Solidarity 244, 2 May 2012

Murdoch scandal: is Cameron next?

There is now a serious possibility that the evidence uncovered in the Leveson Inquiry might bring down David Cameron.

The Tory leader had set up Leveson to isolate himself from the phone-hacking scandal and to manage any damage from his relationship with special adviser and ex-News International editor, Andy Coulson. This also meant Cameron distancing himself from Murdoch and his empire after years of working to get as close to him as possible.

Solidarity can win London schools fight

After the 24 April strike against pay cuts and restructuring at Central Foundation Girls School in East London, school management are showing signs of shifting. They have backtracked from cutting support staff pay this year.

This has only happened because of the united action taken by members of the NUT and Unison. But management still plan to cut pay next year.

CFGS workers plan another strike around 11 May.

Unite debates political strategy

The biennial policy conference of the Unite union takes place at the end of June.

It is important that Unite members take the opportunity to argue for policies which would help make Unite fight politically and industrially against the Tories, and against the Labour Party leadership.

Industrial news in brief

Unite will ballot its 2,500 members at Ford plants across the UK for strike action after the motor industry giant announced plans to close its final-salary pension scheme to new starters.

Attacks on private sector pension schemes are becoming increasingly common. Retail manufacturing company Unilever made a similar move in 2011, sparking several days of strike action in early 2012. According to Ford’s figures, 80% of private-sector employers have closed final-salary schemes to new starters.

UNISON vote rejects pension terms

Despite the best efforts of the Unison leadership, members in the NHS have voted to reject the government's pensions offer and take “sustained industrial action”.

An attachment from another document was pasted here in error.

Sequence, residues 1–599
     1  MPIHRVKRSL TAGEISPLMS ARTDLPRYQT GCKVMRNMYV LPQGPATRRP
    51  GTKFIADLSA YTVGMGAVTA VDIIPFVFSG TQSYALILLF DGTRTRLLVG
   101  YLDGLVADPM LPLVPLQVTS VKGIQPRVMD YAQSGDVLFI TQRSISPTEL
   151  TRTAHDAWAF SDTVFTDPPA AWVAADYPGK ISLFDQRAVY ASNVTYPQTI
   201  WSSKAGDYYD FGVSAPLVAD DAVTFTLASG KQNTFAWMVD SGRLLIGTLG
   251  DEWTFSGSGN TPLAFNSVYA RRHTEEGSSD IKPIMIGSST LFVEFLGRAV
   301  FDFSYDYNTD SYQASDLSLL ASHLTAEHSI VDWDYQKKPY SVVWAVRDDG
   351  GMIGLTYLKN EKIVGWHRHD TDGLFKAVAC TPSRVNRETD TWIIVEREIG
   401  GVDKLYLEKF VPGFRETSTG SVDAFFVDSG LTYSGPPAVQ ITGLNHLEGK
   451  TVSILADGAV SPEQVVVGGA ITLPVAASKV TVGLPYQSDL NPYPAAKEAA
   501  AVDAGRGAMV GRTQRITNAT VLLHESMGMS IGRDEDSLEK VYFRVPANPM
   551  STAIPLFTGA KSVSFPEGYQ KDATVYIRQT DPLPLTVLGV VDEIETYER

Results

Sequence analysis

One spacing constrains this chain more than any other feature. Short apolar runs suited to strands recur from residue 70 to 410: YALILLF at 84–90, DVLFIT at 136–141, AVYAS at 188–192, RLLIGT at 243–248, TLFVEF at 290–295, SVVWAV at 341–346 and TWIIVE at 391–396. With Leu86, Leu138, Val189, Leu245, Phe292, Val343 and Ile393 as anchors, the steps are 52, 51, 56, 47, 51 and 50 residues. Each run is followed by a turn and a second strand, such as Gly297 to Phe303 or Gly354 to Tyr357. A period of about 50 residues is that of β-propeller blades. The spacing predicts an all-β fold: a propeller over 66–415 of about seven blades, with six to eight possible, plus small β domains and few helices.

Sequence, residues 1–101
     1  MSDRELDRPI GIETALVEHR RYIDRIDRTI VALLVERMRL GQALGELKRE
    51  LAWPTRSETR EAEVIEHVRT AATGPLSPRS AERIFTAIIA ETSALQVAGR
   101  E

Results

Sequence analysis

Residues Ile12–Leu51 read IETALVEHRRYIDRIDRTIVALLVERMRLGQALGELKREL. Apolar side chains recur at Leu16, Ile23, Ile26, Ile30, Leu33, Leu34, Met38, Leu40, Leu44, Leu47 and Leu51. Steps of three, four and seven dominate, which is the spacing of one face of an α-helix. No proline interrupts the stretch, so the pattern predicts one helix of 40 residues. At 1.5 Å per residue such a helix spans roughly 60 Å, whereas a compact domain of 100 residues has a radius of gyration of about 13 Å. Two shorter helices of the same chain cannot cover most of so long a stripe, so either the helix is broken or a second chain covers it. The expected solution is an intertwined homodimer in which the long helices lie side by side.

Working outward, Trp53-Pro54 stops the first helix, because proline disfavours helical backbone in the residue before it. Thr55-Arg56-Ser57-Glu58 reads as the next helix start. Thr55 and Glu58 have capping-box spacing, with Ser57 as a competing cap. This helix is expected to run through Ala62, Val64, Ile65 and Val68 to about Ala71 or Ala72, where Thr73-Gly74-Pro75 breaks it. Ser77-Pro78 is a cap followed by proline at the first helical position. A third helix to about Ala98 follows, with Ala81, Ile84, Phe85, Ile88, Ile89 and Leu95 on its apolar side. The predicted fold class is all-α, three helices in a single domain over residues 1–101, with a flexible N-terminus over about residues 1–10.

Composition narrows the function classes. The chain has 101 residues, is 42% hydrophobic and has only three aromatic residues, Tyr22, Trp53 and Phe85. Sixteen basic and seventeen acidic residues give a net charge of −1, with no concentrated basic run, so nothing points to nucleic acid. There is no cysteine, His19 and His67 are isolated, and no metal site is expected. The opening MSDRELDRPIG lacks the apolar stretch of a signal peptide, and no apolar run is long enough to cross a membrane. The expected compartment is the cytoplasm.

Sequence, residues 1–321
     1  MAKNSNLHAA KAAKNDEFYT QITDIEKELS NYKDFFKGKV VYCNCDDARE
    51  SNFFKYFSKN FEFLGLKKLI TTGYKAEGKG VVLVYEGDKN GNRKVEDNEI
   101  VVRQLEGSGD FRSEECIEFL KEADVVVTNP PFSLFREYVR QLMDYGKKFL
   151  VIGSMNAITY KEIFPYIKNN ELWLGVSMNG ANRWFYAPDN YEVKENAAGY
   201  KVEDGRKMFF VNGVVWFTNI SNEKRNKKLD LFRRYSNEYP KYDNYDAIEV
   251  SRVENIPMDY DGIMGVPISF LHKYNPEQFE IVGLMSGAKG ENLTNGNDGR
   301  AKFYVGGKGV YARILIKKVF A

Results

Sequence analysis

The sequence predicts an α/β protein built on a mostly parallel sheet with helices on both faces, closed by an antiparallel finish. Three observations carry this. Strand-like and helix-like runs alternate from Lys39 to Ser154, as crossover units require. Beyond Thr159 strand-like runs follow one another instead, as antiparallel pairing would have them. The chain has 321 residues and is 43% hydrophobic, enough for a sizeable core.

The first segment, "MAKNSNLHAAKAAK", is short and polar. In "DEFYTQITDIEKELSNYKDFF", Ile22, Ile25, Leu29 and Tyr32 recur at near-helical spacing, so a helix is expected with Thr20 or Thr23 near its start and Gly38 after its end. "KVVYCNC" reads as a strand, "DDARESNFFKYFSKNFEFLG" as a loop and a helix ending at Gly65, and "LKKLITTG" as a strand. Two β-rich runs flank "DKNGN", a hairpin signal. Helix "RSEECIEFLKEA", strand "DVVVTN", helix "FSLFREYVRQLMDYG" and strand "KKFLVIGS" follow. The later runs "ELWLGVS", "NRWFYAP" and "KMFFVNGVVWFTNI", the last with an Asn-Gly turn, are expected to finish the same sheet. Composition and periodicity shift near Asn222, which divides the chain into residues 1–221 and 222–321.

50.4% of members voted to reject the deal and for more strikes, against 49.5% to accept, on a turnout of 14.8%. Given that the official union propaganda that accompanied the ballot papers obscured the issues, presenting the improved “deal” in glowing terms and scaremongered about the effects of further strikes, this is a surprising result.

CWU: not just a partner for Royal Mail and BT!

At this year’s Communication Workers Union (CWU) conference (22-26 April), the controversial issue of the CWU’s role in “workfare” schemes in Royal Mail (RM) was swept under the carpet.

The CWU Executive supported a motion from South Central No 1 branch (which is influenced by the SWP) full of sound and fury about the principle of workfare, but which stopped short of criticising the current use of the system in Royal Mail!

How student workers got organised

Our campaign at Royal Holloway began as an awareness-raising campaign about rights at work.

We put out posters and leaflets around campus which focused on basic rights around pay, terms and conditions, health and safety, and made the basic case for trade unionism.

We held “know your rights” meetings, which we targeted both at university staff and campus students. We established a relationship with the existing GMB branch on campus and found out shift-change times for cleaners, porters and grounds staff so we were able to leaflet them.

The legacy of Agnes McLean

Publicity for this year’s Glasgow May Day demonstration and rally refers to the celebrations including “a tribute to Agnes McLean.”

McLean’s politics and activities were representative of a particular period in the history of the West of Scotland trade union and labour movement. But how far one should pay “tribute” to them is another question.

McLean’s generation grew up in the shadow of “Red Clydeside”. Her father was a member of John MacLean’s Scottish Workers’ Republican Party. As a child she attended a Proletarian Sunday School and then a Socialist Sunday School.

Greece: halfway answers will not serve workers

People on the left in Greece are beginning to believe that a united and electorally empowered left, and a left-wing government, can be the initiator of a popular pro-working-class exit from the crisis.

But there are many political problems along the way.

In the last two polls the combined percentage of what is reckoned as the left (Democratic Left, Syriza, KKE, Greens, Antarsya) was above 30%. The combined percentage of Pasok and the conservative New Democracy party (ND) were below 40%.

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